The reason I play video games isn't to master the mechanics or chase a high score. For me, the most important thing a game can do is give me a chance to experience something I'd never be able to in real life and to immerse me in a world that's at once completely believable and unbelievable. And so, with that, I want to share with the Giantbomb community my experience last night which managed to both top and video game experience I've ever had, while also opening my mind to new ways that games could draw players into a story. That experience was a show in New York City called "Sleep No More".

So what is "Sleep No More?" In short, it's a retelling of MacBeth mixed with Hitchcock and film noir, told mostly without words in a six story 1940s era hotel with more than 100 rooms. Guests are dropped off, sometimes in small groups, sometimes alone, by an elevator operator on various floors. They are given white masks that cover the entire face and instructed not to talk. In the words of the elevator operator as he pushed me out of the door, "This is an experience to be had alone. Things are not always what they seem, and fortune favors the bold."

No Caption Provided

Wandering off of the elevator, I found myself in a dark hallway, with little understanding of where I am or where to go. But then, I heard soft music. Following it, the hallway opened into a huge hotel ballroom where 20 or so people were dancing an intricately choreographed waltz. A young waitress walked around passing out drinks and a pair of dancers began flirting with each other. But then, the lights cut out and the music turned dark. Suddenly the young waitress was in the center of the room, illuminated by a spot light. She begins an intense, writhing dance and before our eyes, rips out her hair to reveal that she is bald and transforms from an innocent servant girl into some sort of snake like monster. This is one of MacBeth's three witches.

This was one of the less strange things I saw last night. Other highlights include

  • A woman eating raw human hearts only to then spit out a silver ring and give it to an audience member. She then began singing an old jazz song in a man's voice.
  • Stumbling into a bedroom to find Lady MacBeth greeting MacBeth as he returns from battle and both of them naked, making love before she tries to convince him to kill the king.
  • Spending time in a detective's office, reading the case files that were inside his desk when the detective comes in, motions for me to come with him. I follow him into a back room covered in black and white photos, with a work bench in the back. He opens a drawer and inside is a dead bird which he begins dissecting with tweezers.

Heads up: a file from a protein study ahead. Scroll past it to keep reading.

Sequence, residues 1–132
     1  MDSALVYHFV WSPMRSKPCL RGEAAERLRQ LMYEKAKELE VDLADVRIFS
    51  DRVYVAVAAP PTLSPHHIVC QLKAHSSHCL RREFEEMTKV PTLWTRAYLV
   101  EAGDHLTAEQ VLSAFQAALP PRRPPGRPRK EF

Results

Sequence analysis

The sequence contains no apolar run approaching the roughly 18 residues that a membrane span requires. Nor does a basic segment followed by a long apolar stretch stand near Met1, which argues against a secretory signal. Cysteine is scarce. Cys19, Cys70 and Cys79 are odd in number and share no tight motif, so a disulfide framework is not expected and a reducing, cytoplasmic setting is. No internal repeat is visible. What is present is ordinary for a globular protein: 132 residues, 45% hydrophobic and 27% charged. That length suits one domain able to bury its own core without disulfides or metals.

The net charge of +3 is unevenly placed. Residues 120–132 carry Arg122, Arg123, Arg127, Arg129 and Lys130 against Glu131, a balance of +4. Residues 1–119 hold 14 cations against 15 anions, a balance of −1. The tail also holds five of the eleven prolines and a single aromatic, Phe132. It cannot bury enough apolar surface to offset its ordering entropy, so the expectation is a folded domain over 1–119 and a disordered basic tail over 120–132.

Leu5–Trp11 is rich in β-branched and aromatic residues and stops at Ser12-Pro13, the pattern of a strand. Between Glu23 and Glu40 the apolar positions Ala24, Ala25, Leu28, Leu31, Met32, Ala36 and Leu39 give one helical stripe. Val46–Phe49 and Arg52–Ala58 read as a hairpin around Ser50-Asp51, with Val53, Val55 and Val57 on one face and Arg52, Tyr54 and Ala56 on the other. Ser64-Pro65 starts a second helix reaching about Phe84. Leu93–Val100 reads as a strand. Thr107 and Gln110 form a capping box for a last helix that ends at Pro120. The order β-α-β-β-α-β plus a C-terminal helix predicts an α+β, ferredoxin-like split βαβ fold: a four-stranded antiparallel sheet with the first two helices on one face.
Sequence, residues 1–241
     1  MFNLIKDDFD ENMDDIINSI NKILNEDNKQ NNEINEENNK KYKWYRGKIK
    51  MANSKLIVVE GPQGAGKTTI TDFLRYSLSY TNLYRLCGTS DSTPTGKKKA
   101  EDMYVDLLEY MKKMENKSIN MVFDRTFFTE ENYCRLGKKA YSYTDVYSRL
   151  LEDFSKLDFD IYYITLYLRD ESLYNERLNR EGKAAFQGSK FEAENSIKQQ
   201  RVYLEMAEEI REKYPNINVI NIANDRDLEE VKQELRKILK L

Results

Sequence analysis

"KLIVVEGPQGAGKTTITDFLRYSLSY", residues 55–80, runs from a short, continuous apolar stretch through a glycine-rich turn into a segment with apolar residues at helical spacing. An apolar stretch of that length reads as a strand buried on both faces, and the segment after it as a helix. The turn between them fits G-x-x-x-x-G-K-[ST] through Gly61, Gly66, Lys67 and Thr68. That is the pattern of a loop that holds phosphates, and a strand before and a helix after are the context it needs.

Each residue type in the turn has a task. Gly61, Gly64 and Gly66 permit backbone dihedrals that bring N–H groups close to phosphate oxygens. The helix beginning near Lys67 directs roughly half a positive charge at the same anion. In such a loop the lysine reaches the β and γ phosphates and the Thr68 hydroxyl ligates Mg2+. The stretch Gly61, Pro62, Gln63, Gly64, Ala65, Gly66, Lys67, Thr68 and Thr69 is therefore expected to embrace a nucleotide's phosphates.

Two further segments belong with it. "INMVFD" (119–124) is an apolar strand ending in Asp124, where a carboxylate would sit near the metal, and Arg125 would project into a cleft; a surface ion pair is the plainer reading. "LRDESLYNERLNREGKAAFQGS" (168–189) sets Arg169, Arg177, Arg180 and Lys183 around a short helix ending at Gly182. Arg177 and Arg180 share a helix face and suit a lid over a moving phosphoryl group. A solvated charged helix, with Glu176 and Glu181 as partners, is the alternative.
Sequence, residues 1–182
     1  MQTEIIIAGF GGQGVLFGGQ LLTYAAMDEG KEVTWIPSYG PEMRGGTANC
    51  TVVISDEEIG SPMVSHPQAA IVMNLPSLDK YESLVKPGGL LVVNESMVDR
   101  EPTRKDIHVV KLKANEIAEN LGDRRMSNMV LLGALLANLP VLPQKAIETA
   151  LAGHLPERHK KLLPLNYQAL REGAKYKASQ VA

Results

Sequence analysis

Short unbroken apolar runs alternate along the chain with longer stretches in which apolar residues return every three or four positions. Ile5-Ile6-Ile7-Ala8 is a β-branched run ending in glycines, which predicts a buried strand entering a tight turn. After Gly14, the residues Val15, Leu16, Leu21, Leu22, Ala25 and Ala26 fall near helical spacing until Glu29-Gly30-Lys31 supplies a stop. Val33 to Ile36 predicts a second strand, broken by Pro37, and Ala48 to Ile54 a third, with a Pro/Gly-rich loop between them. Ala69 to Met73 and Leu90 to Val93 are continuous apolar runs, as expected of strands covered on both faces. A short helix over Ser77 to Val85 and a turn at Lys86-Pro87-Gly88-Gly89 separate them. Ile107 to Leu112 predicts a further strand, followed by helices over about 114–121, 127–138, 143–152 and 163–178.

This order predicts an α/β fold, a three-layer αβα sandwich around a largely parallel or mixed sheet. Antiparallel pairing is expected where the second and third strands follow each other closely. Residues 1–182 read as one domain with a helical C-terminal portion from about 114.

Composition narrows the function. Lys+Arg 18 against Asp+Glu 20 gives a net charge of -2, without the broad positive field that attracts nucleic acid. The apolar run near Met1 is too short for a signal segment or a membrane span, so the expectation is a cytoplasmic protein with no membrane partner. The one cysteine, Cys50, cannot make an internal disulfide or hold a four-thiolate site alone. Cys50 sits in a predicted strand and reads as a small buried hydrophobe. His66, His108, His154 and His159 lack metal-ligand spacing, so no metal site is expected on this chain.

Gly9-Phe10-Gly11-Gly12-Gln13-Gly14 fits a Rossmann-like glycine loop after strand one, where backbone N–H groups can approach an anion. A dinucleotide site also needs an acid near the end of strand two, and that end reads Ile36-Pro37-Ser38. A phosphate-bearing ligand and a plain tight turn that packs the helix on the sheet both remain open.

• Finding a graveyard and the ruins of a bombed out church with a man beating his head against a statue.
  • Discovering the witch's hut, which in this version is a ruined nightclub. This turned into a crazy techno music orgy with strobe lights and lasers where a naked man put on a bulls's head, two naked witches made out with each other, and then a bloody, dead baby was paraded around the room.

So, what does this have to do with games? Well, for one, the total freedom to see things, while still giving enough subtle clues to get you to where the action is. And then, being able to see all of these non-linear pieces and letting them form the narrative for me. I'm still sure that I only got maybe 70% of the story, but it just makes me want to go again. The thing was like being in Bioshock's Rapture for the first time, but without the combat but the same amount of fear. I would love to see this experience replicated in a game - a fully detailed, open environment with a non-combat focused story and enough clues to let the player figure out what's going on without making it feel like they were led by the hand.

Also, its just an amazing experience, if you can get down with weird and artsy. It's maybe the most unique thing I've ever been a part of.

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BraveToaster

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Edited By BraveToaster

Yes, that most certainly has a Bioshock vibe to it. And the creepy atmosphere is just one reason why I enjoyed Bioshock. That show sounds interesting.

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beeftothetaco

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I want to see this now.

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deactivated-5cc8838532af0